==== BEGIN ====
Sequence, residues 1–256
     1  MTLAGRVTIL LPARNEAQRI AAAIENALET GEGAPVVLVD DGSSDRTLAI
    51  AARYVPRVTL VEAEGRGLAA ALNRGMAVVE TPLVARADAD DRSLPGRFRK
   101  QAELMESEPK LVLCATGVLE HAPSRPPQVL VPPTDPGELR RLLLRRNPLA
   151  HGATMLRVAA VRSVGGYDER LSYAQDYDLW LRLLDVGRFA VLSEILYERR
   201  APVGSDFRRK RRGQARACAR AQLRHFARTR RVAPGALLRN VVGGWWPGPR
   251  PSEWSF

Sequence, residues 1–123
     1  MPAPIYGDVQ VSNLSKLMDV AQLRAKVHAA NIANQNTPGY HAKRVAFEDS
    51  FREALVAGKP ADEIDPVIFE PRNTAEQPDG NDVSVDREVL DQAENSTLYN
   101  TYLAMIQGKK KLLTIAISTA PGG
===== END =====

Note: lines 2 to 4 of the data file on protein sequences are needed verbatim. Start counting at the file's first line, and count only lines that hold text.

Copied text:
     1  MTLAGRVTIL LPARNEAQRI AAAIENALET GEGAPVVLVD DGSSDRTLAI
    51  AARYVPRVTL VEAEGRGLAA ALNRGMAVVE TPLVARADAD DRSLPGRFRK
   101  QAELMESEPK LVLCATGVLE HAPSRPPQVL VPPTDPGELR RLLLRRNPLA